The very poor have such small carbon footprints that it is difficult to implement CDM projects that target them, since there are practically no emissions to reduce. The concept of ‘suppressed demand’ tries to take into account the fact that their per-capita emissions would be much higher if the poor had better access to energy and goods.
Normally a CDM project calculates its emissions reductions (and the credits it receives) by calculating the ‘before the project’ emissions (baseline emissions) and then subtracting ‘after the project’ emissions (project emissions). Yet if the ‘before the project’ emissions are almost zero, such a project does not earn carbon credits under the current CDM rules.
If suppressed demand is factored in, the baseline takes into account how much the emissions would be or will be once the village gets wealthier or gets access to other technologies or energy sources. Projects that take into account suppressed demand therefore do not reduce existing emissions but ideally avoid future emissions by providing an incentive for a cleaner development pathway.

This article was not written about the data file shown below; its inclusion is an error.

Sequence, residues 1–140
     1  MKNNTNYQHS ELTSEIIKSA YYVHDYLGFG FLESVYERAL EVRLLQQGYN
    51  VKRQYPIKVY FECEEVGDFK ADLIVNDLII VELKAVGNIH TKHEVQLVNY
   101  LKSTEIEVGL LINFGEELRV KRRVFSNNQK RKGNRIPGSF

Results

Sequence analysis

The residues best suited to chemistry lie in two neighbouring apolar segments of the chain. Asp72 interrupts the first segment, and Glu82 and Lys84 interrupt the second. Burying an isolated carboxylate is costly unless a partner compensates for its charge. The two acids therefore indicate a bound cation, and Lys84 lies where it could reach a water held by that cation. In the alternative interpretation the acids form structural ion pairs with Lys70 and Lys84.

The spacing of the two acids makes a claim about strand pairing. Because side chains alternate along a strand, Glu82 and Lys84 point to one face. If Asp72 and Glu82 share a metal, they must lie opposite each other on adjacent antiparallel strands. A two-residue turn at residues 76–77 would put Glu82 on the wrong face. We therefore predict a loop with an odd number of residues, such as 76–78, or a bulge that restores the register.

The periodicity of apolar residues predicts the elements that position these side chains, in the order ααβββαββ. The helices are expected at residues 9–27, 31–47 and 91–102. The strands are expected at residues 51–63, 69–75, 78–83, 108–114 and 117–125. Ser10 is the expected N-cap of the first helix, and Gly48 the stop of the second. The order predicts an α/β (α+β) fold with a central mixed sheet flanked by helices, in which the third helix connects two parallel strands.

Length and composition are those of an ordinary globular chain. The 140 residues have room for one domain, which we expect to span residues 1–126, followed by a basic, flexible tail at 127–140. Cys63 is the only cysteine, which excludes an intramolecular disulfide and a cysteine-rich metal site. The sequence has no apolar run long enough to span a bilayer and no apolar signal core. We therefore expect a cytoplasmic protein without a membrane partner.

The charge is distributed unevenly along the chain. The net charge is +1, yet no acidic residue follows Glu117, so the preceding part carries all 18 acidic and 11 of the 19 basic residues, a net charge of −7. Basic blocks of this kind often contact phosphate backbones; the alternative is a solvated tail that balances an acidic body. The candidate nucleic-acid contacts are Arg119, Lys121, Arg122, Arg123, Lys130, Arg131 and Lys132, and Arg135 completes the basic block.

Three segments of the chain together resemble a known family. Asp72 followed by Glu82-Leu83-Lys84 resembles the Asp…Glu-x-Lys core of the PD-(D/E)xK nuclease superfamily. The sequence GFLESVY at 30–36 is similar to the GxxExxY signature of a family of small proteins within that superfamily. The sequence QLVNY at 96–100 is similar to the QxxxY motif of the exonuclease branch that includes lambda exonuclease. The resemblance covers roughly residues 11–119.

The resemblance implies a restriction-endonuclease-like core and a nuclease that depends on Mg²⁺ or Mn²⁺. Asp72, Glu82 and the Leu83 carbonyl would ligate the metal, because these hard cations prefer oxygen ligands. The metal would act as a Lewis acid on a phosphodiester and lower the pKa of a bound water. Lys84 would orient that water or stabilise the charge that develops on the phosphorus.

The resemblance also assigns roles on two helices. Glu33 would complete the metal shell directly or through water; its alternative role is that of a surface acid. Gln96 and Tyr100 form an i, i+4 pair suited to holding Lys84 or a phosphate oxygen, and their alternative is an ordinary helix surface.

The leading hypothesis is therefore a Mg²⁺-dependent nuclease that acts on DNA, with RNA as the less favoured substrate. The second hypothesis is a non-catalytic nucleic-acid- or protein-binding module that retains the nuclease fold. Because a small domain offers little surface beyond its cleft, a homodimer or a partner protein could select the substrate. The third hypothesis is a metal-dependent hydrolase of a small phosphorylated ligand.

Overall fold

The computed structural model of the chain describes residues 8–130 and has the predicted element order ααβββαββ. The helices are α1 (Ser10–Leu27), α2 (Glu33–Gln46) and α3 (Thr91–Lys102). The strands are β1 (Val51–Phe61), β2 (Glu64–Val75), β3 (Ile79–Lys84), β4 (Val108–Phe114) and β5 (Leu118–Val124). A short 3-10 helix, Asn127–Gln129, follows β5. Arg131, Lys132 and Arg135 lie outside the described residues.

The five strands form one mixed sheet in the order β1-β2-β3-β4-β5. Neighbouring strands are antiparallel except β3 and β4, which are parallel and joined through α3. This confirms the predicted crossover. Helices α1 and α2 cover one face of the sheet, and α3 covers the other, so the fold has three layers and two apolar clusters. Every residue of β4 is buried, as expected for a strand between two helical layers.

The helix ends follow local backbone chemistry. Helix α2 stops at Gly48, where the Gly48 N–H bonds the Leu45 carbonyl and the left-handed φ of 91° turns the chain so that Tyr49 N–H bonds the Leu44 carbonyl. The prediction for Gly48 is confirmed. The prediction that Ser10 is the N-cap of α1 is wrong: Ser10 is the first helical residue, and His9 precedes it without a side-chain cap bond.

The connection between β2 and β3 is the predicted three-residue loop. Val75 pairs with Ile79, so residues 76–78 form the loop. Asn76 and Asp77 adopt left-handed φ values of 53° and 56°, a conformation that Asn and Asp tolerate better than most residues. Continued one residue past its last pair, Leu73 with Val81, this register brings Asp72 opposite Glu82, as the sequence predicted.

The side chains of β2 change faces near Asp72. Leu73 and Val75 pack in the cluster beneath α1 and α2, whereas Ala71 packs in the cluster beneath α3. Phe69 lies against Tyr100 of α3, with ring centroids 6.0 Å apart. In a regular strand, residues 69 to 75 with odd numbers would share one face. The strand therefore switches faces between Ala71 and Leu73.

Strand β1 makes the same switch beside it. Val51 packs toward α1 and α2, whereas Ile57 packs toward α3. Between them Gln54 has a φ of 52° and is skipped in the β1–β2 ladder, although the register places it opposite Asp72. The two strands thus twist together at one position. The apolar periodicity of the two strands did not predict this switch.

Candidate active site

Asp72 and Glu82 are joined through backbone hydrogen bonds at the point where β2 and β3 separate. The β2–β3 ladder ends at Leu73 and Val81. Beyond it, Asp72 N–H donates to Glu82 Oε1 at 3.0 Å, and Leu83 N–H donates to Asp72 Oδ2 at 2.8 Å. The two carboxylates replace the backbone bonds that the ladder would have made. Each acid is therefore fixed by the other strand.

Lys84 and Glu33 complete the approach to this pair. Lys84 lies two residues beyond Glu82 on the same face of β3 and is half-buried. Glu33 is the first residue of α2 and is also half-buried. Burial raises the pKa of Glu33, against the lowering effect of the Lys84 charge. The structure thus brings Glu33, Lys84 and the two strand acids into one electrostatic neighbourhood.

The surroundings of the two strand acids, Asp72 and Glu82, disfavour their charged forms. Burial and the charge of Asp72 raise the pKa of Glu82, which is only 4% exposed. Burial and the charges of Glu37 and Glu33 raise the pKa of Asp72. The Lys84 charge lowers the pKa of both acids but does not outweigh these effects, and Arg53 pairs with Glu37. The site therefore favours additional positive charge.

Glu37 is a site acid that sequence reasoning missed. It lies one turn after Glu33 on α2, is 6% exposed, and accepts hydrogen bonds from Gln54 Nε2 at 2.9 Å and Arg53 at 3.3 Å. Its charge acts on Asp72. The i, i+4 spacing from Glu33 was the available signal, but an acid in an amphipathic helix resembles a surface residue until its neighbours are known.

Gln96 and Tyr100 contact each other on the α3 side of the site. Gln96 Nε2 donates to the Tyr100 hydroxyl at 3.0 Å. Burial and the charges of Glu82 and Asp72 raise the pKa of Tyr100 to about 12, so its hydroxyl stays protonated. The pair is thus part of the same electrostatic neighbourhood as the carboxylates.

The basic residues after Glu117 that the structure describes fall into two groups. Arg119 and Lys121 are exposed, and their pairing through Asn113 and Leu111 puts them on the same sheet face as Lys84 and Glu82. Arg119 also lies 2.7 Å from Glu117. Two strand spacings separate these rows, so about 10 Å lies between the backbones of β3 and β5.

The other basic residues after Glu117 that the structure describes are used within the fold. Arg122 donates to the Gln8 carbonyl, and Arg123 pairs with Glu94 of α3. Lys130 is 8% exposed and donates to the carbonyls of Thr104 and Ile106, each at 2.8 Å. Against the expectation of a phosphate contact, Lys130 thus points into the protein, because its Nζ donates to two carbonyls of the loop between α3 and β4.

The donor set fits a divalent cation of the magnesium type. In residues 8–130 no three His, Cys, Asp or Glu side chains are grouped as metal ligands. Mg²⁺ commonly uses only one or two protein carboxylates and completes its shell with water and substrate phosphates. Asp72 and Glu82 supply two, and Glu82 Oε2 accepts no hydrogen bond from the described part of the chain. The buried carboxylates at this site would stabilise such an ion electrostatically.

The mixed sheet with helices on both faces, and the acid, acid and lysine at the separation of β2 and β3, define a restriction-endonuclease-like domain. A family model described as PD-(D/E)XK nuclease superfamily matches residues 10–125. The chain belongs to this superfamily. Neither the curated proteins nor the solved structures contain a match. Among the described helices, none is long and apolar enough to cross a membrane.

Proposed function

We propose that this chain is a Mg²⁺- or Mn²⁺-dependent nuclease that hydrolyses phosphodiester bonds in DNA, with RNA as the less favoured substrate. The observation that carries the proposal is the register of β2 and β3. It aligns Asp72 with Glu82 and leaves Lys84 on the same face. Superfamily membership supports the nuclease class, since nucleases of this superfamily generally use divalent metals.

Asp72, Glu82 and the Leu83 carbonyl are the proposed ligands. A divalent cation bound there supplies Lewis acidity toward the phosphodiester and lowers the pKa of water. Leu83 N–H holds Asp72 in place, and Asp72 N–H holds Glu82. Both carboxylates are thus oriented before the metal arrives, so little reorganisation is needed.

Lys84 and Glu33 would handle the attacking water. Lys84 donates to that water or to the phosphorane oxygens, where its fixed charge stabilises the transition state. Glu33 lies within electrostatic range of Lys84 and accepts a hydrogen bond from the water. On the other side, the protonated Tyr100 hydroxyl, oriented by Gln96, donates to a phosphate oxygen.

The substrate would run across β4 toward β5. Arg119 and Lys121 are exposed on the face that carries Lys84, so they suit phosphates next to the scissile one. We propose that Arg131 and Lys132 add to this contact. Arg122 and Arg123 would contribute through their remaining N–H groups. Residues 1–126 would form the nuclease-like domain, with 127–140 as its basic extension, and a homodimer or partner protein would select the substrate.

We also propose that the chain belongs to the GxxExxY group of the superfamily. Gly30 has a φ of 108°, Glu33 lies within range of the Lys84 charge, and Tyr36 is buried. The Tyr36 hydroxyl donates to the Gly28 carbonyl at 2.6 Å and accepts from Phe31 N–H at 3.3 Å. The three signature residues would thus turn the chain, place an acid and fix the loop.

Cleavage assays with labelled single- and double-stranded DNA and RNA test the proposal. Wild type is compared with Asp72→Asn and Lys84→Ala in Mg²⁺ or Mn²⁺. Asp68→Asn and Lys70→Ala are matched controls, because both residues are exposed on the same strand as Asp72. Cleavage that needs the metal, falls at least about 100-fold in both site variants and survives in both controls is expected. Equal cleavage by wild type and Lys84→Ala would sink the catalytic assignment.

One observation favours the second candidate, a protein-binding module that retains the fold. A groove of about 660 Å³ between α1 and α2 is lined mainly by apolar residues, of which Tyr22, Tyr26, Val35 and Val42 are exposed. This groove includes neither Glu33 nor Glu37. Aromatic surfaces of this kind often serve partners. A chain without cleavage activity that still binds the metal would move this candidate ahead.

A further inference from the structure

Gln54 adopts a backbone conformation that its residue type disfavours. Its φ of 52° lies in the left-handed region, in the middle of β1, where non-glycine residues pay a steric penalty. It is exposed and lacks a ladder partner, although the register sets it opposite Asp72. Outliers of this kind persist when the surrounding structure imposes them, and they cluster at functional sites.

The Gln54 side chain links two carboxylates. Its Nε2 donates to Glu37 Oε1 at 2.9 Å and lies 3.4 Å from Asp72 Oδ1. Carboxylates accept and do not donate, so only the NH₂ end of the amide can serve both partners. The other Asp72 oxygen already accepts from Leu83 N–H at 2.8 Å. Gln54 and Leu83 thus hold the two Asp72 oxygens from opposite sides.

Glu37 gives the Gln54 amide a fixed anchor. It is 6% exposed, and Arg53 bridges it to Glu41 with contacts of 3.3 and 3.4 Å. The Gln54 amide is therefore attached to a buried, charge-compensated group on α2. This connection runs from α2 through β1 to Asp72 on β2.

On the other hand, suppressed demand baselines that assume emissions that are substantially higher than actual historical emissions risk substantially undermining the mitigation goals of the CDM. Suppressed demand approaches have to adequately address both of the CDM’s mandates of delivering mitigation and development benefits. Not every good development project can be a good CDM project. Project types that neither reduce nor clearly avoid emissions reductions do not belong in the CDM. At the same time they must not replace or inhibit other ongoing development efforts. This is a tall order and requires careful consideration and research.
In Durban at COP17 in 2011, Parties asked the CDM Executive Board to elaborate and revise the guidelines on how to systematically incorporate suppressed demand in the CDM.
Link to CDM Watch Power Point presentation given at the UNFCCC Practitioners Workshop on CDM Standards. Bonn, Germany. 8 – 10 June 2011
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